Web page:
Council approves lease, fee for parking on Ninth Street
A 6-0 City Council vote on Monday cleared the way for officials to sign a new lease for a 42-space parking lot on the west side on Ninth Street, and to begin charging motorists $1 an hour for weekday use of it beginning this summer.
The deal with the lot’s owner, the Chartwell Property Group, takes effect March 1, but officials won’t charge people or pay Chartwell any rent until June 1, city Transportation Director Mark Ahrendsen said.
That squared with a request from Mayor Bill Bell that the city hold off on the $1-an-hour fee for three months until a planned repaving of the lot is complete. Administrators also need time to install the pay station they’ll use to collect the fee.
Councilman Steve Schewel thanked Chartwell representatives for agreeing to the delay in the start of the city’s rental payments.
“It’s a goodwill gesture,” Schewel said. “I don’t think it will go every way to assuage the fears of Ninth Street merchants, but it’s very much appreciated.”
The fee will be in effect Mondays through Fridays from 8 a.m. to 7 p.m.
Parking in the lot nights and on weekends will be free. So too will curbside parking, at all times, though officials say they’re going to more rigorously enforce time limits on the use of curbside spaces.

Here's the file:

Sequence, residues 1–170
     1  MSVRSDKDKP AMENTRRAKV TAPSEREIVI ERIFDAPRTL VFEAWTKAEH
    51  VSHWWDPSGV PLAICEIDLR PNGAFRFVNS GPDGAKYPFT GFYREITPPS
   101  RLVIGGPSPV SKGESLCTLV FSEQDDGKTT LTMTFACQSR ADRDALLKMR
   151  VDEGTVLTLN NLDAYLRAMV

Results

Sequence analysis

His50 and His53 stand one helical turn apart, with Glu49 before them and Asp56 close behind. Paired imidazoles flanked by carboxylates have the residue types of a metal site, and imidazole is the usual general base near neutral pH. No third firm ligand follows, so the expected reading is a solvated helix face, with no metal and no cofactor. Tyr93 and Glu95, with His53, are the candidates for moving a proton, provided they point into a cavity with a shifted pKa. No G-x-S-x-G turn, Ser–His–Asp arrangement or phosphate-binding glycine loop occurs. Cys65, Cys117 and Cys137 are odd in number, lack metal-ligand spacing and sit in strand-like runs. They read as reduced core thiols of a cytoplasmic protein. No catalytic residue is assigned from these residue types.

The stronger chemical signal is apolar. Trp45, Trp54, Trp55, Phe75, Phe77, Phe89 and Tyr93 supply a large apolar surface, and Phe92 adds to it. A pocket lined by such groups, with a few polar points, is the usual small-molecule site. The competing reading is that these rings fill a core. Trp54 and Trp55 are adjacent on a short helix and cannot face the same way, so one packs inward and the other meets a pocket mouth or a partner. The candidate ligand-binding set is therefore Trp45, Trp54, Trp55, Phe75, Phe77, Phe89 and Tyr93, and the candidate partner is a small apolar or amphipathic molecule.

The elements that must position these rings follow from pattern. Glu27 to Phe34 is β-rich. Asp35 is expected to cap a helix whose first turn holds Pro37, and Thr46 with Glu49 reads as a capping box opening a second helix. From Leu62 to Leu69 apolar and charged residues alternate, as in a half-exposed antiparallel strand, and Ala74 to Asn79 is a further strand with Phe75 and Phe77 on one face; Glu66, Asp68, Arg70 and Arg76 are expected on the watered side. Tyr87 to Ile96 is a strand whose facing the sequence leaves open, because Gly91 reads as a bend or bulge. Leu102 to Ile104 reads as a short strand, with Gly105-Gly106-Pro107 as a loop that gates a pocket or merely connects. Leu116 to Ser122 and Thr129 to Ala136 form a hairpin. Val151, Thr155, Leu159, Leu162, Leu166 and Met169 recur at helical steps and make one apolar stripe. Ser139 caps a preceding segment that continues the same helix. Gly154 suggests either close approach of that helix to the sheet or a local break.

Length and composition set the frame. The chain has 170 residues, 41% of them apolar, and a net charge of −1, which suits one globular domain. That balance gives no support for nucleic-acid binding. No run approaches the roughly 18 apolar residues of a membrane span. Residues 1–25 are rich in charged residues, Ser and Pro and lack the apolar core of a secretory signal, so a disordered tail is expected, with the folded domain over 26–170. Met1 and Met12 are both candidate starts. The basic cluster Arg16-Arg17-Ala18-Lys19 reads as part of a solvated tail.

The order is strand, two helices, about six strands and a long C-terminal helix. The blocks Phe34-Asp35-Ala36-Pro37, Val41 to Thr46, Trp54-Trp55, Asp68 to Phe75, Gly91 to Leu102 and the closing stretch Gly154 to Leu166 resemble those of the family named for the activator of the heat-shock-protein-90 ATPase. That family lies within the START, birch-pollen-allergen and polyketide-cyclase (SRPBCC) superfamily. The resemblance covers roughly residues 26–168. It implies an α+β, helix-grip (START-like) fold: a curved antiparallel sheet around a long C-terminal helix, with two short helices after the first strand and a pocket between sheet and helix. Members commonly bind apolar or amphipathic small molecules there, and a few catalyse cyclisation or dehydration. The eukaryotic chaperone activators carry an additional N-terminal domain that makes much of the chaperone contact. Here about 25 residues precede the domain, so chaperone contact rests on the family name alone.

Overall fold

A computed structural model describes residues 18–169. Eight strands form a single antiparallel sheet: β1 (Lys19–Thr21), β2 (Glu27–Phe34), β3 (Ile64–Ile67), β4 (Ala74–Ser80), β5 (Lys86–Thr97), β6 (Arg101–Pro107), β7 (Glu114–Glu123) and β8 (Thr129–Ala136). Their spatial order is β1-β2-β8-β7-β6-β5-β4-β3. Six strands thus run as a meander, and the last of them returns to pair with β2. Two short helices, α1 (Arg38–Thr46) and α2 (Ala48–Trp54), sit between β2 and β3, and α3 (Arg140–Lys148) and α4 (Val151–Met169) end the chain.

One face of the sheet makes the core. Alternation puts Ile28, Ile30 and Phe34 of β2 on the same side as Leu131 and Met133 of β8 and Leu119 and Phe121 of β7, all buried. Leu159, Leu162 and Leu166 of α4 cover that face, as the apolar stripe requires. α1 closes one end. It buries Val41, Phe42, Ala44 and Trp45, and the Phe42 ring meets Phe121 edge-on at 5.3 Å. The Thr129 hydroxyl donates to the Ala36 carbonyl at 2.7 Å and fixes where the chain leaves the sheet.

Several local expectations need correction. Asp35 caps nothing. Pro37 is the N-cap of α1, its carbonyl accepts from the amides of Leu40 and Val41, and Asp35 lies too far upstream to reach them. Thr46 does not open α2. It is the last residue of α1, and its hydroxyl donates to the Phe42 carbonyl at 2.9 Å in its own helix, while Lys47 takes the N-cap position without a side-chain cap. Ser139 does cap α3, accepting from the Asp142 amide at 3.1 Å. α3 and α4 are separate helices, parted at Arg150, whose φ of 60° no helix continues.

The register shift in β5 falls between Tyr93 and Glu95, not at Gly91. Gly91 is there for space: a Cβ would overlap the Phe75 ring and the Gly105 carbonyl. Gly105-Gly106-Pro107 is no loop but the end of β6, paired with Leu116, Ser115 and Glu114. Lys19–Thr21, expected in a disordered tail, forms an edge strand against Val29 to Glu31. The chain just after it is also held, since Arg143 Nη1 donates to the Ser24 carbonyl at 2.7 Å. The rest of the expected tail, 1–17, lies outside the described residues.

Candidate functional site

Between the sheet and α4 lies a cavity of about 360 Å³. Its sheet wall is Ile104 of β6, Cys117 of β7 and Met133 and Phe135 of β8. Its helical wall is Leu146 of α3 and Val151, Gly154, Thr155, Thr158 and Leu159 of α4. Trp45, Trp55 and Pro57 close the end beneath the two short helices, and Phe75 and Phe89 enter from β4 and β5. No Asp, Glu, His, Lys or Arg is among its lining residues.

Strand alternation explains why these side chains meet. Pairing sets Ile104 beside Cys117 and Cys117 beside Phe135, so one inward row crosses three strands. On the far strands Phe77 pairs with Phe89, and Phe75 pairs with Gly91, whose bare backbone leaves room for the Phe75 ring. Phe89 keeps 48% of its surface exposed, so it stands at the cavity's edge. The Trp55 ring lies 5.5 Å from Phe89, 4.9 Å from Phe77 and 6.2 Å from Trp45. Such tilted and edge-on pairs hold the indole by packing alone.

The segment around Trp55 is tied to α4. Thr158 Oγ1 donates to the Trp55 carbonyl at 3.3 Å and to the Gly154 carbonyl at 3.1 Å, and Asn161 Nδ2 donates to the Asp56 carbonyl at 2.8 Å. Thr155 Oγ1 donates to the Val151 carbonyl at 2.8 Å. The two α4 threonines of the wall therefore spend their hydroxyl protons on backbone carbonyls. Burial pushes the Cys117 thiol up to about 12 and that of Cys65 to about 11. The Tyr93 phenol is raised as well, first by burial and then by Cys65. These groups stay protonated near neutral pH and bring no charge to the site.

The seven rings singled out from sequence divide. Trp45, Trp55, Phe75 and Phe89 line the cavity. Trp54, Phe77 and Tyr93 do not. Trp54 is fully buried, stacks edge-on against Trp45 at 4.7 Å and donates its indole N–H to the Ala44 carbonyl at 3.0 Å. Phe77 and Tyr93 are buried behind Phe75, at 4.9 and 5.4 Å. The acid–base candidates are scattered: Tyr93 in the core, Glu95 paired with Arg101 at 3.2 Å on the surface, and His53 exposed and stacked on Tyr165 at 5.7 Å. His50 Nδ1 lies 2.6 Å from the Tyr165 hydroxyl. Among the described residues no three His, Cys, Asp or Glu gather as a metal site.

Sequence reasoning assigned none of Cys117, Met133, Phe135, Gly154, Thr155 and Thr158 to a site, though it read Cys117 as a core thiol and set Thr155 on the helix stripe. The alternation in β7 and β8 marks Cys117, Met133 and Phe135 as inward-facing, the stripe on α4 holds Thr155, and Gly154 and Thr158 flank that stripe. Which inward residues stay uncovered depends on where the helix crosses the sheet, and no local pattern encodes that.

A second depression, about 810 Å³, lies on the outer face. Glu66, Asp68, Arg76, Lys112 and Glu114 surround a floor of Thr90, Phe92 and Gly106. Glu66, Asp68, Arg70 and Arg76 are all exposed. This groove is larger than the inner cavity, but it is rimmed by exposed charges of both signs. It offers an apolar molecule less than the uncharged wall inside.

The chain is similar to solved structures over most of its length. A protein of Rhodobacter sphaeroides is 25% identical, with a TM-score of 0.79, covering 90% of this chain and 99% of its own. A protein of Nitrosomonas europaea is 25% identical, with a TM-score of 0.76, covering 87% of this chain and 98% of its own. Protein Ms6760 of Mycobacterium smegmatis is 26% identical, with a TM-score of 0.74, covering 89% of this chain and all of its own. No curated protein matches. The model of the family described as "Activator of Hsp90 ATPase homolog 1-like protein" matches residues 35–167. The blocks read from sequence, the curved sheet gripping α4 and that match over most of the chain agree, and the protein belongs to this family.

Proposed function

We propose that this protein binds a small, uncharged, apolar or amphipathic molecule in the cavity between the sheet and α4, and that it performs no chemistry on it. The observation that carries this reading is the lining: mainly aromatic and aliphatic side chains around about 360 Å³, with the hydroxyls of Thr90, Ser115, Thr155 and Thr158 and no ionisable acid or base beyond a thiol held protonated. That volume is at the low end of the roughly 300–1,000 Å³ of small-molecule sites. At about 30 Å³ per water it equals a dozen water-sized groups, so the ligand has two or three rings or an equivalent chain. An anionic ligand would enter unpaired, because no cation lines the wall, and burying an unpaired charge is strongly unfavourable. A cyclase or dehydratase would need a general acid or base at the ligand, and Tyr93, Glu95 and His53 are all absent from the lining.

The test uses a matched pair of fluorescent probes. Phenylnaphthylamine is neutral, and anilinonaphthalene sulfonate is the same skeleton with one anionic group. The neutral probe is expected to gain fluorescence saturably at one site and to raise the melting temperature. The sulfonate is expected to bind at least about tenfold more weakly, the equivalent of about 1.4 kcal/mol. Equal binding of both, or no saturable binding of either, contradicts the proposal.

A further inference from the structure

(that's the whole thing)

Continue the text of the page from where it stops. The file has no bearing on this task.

Merchants based on the east side of Ninth Street supported the lease, which preserves the site as a public parking lot. But they’ve questioned charging for use of traditionally free off-street parking, for fear it could hurt business.
But Bell and the council signaled earlier this month that they’re unwilling to have taxpayers eat the full, $429,055 five-year cost of the lease.
They believe the fee will lower the required tax subsidy to $120,433.
To soften the blow to merchants like Regulator Bookshop owner Tom Campbell, officials have pledged to work with them over the coming three months to address complaints about the lack of parking for people who work in the business district.
That means counting how many spaces employees of the district’s businesses may need, and figuring out a strategy for addressing any shortage.
Ahrendsen said the city also will continue working with Duke University on plans to upgrade Alley 8, an east-west connector between Ninth and Broad Streets midway between West Main Street and West Markham Avenue.
Merchants see Alley 8 and a similar north-south link from Markham called Alley 9 as pedestrian and service corridors for the west side of Ninth Street, particularly given the availability of parking on nearby Iredell Street.
Acceding to another merchant request, officials said the city’s Office of Economic and Workforce Development in April will ask the council to add Ninth Street to the list of business districts that qualify for small-scale “retail and professional services” grants.
The grants are more commonly known as façade grants and are used for sprucing up the exterior of existing buildings.
At the moment, they’re only available to businesses downtown and places like the Angier Street/Driver Street district in east Durham where officials are explicitly trying to attract new enterprises.
The city will put $100,000 into the Ninth Street effort, drawing it from the expected gains in property tax revenue attributable to Chartwell’s efforts on the east side of the street. The company is behind the development of the new Harris Teeter complex.
Monday’s vote occurred in the absence of Councilman Eugene Brown, who had signaled support for the lease and the new fee.